Whether your dog is a purebred miniature schnauzer or a miniature schnauzer mix, learning about their breed can explain a lot about your pet’s personality, habits and overall health. Or maybe you're looking to adopt a miniature schnauzer and want to do a bit of research first — we can help with that.
You might be surprised to learn that schnauzers come in three sizes: miniature, standard and giant. However, we’ll focus on the pint-sized version of this dog breed. These pups are known for being friendly, smart and full of energy, but there’s still so much more to learn.
Miniature schnauzers are about four times smaller than their giant counterparts, weighing only 12 to 20 pounds, Dr. Emily Singler, VMD, Fetch’s on-staff veterinarian, explains. However, when fully grown, these dogs can reach about 12 to 14 inches tall, making them perfect apartment dogs.
“Teacup miniature schnauzers aren’t a separate breed,” Dr. Singler says. “They’re miniature schnauzers who have been purposely bred to be very small. Breeding can increase the risk of health problems such as heart problems, low blood sugar, tracheal collapse, digestive problems, liver shunts and other problems.”
Miniature schnauzers generally come in three color varieties: black and silver, salt and pepper and solid black. However, there are some rare colors, which include white, red and chocolate.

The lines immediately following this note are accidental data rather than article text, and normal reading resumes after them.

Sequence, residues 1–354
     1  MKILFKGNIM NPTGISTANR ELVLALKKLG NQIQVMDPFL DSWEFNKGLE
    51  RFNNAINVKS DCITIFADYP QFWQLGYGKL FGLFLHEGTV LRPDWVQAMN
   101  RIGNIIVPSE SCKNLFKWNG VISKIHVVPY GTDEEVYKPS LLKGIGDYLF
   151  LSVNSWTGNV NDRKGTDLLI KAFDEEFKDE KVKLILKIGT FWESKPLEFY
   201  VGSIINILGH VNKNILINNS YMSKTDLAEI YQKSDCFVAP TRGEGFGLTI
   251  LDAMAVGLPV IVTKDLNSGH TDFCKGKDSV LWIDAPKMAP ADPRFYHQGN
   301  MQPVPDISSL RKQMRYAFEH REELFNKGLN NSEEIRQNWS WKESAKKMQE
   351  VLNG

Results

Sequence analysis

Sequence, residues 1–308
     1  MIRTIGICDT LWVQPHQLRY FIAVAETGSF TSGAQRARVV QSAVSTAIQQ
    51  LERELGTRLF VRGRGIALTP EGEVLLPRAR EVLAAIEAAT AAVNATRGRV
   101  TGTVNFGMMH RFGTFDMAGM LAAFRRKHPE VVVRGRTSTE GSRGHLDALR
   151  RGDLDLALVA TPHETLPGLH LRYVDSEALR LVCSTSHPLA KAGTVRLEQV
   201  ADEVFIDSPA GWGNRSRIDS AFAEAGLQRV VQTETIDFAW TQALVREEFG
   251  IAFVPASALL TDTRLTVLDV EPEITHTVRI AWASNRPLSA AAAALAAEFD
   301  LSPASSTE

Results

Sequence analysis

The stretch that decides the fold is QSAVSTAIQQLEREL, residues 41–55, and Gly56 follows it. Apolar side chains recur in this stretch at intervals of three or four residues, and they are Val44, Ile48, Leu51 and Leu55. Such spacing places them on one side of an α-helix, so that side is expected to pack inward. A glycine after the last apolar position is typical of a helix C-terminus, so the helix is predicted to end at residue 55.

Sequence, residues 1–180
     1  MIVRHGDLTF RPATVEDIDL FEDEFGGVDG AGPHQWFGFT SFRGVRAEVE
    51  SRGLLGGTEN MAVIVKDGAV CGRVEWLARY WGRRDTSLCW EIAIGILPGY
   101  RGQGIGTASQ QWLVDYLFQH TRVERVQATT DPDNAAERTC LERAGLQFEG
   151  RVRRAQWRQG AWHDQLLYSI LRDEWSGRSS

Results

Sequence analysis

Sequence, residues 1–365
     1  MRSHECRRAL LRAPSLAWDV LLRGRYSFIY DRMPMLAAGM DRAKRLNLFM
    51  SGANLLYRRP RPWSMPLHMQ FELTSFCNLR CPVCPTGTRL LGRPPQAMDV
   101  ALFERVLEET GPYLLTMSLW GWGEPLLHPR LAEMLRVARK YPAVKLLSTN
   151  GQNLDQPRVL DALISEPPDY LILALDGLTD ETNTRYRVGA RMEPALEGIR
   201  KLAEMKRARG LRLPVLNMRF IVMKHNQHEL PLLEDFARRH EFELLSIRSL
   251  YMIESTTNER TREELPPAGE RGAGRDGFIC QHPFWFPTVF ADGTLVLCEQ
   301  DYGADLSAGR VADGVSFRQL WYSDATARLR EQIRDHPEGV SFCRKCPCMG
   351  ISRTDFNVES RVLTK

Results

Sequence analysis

These pups shed very minimally and have wiry topcoats and soft undercoats that need special care. Although no breed is truly hypoallergenic, this minimal shedding makes these dogs a good choice for most people with allergies. Still, we recommend checking with your allergist before bringing a mini schnauzer home.
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Introducing the Fetch Health Forecast.
Miniature schnauzers make great family dogs because they're intelligent, trainable and have an affectionate nature that often matches well with children. However, even though these pups are playful and adaptable, they may be vocal sometimes.
"In addition to being good companions, they're naturally protective and have watchdog tendencies," Dr. Singler adds. "Some can also be on the nervous side."
Socialization is a great way to ensure your pup is well-adjusted and to curb some nervous behavior.
According to Dr. Singler, mini schnauzers are susceptible to patellar luxation (where the kneecap slides in and out of place), pancreatitis, diabetes, heart disease, liver shunts, clogged hair follicles (also known as “schnauzer bumps”), bladder stones, various eye diseases that may cause blindness, Cushing’s disease and hypothyroidism.
Talk to your veterinarian at your dog’s first vet visit to learn how to prevent these health issues in the future.
Are you interested in adopting a miniature schnauzer, miniature schnauzer mix or any pet at all? We think every pet deserves a home and encourage you to check out our shelter partners.
The Dig, Fetch's expert-backed editorial, answers all of the questions you forget to ask your vet or are too embarrassed to ask at the dog park. We help make sure you and your best friend have more good days, but we’re there on bad days, too.
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